The Real Cost of Presenteeism
In the past, employers would worry when faced with high numbers of absenteeism in the workplace. More recently, however, presenteeism is becoming a bigger issue than companies anticipated.
What is presenteeism?
Presenteeism occurs when someone is present at work for more hours than expected. This normally occurs when people continue to work whilst sick or work more hours than in their contract. They may take work home or during holiday to catch up. Alternatively, they could avoid taking designated holiday due to worries about time off.
The link between presenteeism and productivity
There is evidence to suggest that presenteeism can cause productivity loss within the business. This can be due to poor health, exhaustion and spreading of illnesses within the workplace.
Presenteeism occurs when employees are reluctant to take time off work due to illness or stress. It can stem from workers feeling like they are irreplaceable or can stem from workplace pressures, work-related stress or personal money troubles.
Despite staff members still showing up for work, it can lead to a loss in productivity and can affect a business more so than long-term sickness. This is due to the fact that employees are not being given enough time to recover so the periods of illness or other medical conditions last longer. Even when an employee isn’t ill, they can choose not to take designated time off and lack the rest and recreation that can impact their overall well-being.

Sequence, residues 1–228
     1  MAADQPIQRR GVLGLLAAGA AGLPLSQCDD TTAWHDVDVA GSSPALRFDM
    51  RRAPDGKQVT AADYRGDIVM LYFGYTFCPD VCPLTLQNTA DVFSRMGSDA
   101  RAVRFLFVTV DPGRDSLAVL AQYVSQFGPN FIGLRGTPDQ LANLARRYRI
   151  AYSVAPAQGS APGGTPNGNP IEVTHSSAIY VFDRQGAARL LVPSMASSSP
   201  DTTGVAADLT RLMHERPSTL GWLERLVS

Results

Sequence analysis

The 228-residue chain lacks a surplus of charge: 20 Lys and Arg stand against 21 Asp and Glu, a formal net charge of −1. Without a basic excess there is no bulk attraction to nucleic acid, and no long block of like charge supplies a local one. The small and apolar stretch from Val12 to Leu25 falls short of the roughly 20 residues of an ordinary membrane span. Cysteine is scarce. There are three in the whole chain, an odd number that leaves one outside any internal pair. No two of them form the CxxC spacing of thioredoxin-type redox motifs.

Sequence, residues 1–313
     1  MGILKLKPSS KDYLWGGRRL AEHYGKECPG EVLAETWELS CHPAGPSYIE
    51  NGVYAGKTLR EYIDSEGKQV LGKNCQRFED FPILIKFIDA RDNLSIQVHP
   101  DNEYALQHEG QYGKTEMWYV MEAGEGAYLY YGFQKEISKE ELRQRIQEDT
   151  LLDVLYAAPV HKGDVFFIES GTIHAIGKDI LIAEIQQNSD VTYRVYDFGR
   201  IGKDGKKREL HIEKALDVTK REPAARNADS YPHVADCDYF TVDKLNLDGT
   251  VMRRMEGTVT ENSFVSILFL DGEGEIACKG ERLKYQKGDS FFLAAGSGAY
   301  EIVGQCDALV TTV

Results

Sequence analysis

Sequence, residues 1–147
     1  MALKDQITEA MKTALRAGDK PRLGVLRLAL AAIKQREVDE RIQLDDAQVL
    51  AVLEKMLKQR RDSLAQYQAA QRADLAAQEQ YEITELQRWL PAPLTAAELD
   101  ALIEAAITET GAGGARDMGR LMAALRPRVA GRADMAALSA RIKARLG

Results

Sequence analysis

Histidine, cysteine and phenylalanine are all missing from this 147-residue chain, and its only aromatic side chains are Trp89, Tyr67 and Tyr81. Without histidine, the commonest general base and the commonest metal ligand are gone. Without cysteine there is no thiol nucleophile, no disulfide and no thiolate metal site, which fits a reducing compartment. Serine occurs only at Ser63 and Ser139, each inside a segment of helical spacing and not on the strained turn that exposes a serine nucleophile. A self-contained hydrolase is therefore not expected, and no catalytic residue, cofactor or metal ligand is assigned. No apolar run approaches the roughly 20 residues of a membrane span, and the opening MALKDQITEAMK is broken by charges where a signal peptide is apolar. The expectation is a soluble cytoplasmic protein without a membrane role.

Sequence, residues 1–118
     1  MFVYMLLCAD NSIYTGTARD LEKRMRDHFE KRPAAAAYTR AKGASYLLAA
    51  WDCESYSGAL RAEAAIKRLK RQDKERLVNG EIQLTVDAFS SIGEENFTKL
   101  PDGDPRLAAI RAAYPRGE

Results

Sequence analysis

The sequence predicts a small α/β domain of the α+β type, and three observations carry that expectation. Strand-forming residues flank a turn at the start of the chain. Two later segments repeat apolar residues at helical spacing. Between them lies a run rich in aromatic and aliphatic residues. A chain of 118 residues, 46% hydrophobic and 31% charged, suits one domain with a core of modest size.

Whilst this is happening, the employee cannot work at their full capacity, and so presenteeism can be a much costlier problem than absenteeism.
Why spotting it can be difficult
It’s easy to note when something is wrong when regular absence patterns occur. But presenteeism isn’t always as apparent. It can be difficult for managers to tell when an illness or medical condition hinders an employee if they are still showing up for work.
Similarly, employees that regularly work over the required amount of hours could be doing so to make a good impression. Hidden aspects such as worries about their job role, workload or additional stress aren’t always apparent on the surface. That’s why it can be more difficult for managers to detect.
What’s more, it can be difficult for managers and businesses to determine the costs associated with presenteeism and loss of productivity. Illnesses that are taken to work, often go untreated and could be affecting the employee for years, undetected by the business.
What is the real cause?
Presenteeism doesn’t necessarily occur because managers are not managing the situation but more so because employees try to carry on, despite what they are feeling. In more recent economic times, people are more likely to be worried about losing their jobs, and they want and need to continue working when they can.
In fact, serious illnesses can force people to stay home from work. However, it’s the focus around more chronic illnesses such as migraines, headache, back pain, gastrointestinal disorders and mental health such as anxiety and depression that affect the rates of presenteeism and productivity dramatically.
These illnesses can affect the ability of staff to work productively. It may be that they work slower than normal or make more mistakes. It could even affect workplace relationships and cause more stress or conflict throughout the company.
What can managers do to help?
Identifying presenteeism can be difficult for any manager, but there may be certain steps or policies employers can follow to ensure their staff is happy, healthy and productive.
It’s important that managers are trained to spot the signs and lead by example when it comes to their employees. Managers should encourage sick employees to go home instead of working whilst ill to give them time to recover. It’s also important to highlight to employees the importance of being fit for work and how it can enhance their productivity.